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I have an Asus ROG series motherboard (it's a Maximus IV Extreme) and there's a toggle switch on the board called the "LN2 Mode Switch". I gather this is used to try and remedy cold boot bugs when using liquid nitrogen to cool the CPU. By default the board ships with this turned on.

The manual states: "With LN2 mode activated the ROG motherboard is optimised to remedy the cold boot bug during POST at an extremely low temperature and help the system boot successfully."

So, my query: What actually gets changed by this switch? Power distibution? Bus timings? I assume that since it's on by default it won't hurt to leave it that way but I'd like to know if there's anything to be gained by disabling it because my cooling setup is far more pedestrian than a bucket of LN2.

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These mainboards have some self-timed circuitry (also known as asynchronous circuitry). Circuitry speed, for both synchronous and asynchronous circuitry, is sensitive to supply voltage level, fabrication process, and temperature level. Normally, for mainboards whose operating temperature range is no wider than room temperature, this isn't a huge issue that requires extraordinary measures. But when the temperature variations involved are as large as 77K–320K or more, this temperature sensitivity becomes a significant factor.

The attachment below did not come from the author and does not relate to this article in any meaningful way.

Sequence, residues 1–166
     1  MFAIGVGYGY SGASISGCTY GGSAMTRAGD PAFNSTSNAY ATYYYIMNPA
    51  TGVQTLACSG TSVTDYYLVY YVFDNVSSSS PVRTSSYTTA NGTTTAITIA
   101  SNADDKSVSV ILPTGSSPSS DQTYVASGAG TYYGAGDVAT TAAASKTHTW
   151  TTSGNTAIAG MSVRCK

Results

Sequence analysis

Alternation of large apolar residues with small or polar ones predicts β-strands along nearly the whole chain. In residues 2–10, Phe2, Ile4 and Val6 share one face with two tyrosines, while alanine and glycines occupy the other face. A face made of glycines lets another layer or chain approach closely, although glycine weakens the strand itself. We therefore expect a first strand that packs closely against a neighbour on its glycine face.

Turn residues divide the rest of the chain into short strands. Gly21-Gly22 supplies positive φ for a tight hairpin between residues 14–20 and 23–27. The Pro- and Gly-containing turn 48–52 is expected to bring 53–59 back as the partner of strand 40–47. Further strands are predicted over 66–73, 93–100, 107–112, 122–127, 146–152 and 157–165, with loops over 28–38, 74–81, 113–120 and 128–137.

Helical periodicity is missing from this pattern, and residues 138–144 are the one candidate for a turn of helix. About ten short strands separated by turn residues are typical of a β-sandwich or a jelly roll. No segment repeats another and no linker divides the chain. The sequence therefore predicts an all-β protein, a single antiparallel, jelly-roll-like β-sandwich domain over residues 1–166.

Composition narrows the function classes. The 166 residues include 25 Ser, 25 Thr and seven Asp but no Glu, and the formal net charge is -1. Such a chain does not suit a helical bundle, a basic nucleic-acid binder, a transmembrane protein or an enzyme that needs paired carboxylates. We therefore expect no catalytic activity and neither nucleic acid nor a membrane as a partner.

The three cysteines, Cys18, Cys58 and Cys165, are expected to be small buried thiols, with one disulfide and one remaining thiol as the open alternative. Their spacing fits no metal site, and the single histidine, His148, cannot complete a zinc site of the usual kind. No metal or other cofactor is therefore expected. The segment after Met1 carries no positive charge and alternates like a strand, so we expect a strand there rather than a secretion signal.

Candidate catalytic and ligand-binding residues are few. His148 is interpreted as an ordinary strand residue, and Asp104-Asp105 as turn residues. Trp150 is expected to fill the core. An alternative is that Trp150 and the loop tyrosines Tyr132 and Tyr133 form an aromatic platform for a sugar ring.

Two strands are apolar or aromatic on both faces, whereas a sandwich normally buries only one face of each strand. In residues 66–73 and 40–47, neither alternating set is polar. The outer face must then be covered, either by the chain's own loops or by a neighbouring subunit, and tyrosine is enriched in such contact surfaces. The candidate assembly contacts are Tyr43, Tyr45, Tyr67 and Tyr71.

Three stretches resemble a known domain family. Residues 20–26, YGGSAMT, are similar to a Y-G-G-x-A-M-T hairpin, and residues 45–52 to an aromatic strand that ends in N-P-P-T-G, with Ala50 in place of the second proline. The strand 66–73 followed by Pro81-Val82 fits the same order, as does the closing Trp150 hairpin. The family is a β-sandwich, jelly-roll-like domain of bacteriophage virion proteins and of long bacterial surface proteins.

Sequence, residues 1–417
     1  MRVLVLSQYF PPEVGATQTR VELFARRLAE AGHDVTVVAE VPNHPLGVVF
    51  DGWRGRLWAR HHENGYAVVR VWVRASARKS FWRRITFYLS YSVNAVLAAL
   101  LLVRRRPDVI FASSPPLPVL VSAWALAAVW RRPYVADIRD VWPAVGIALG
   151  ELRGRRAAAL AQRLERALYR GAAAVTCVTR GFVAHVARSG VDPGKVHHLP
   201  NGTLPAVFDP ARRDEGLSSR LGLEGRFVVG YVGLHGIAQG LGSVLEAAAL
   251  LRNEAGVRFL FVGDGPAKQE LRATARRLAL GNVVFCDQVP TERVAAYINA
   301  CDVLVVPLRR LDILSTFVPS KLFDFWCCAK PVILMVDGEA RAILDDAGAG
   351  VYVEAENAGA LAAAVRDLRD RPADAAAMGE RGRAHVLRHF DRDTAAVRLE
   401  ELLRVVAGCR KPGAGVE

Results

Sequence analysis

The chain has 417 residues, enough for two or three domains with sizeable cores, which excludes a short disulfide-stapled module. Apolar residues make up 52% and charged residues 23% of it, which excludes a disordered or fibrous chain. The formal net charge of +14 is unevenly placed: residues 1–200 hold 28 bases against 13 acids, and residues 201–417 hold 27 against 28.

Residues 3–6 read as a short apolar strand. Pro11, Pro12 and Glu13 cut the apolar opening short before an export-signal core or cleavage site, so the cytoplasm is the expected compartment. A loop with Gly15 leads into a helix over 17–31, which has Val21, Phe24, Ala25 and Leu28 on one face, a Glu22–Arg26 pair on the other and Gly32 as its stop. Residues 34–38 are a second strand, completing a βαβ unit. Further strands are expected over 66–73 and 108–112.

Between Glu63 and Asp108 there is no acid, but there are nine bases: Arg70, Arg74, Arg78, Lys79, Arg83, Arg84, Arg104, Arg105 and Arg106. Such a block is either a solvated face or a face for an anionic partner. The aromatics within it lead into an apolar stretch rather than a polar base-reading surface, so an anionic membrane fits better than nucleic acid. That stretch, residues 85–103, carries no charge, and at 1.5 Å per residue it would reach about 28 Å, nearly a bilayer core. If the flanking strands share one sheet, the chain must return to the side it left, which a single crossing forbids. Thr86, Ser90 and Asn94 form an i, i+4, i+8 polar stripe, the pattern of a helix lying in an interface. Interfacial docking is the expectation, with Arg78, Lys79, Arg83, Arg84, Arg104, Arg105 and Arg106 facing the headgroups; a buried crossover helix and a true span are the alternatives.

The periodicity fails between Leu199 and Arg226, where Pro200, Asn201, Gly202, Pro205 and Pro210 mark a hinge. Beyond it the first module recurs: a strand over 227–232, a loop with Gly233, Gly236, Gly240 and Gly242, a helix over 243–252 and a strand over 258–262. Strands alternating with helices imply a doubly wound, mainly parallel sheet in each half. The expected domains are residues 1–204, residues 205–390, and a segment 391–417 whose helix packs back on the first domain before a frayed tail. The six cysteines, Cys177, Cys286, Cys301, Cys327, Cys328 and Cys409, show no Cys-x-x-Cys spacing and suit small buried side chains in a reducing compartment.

Self-timed circuitry can be adapted to cope with such temperature variations. (Synchronous circuitry is constrained by the PVT (process-voltage-temperature) assumptions that went into calculating its clock speed.) What the LN2 mode does is modify the operation of the self-timed circuitry to try to cope with its behaviour at such low temperatures.

Note that, as the ASUS employee points out, this doesn't fix the so-called "cold-boot bug". That is a problem that encompasses circuitry within the microprocessor chip as well, which a mainboard's LN2 mode cannot modify, for obvious reasons. LN2 mode ameliorates the problem.

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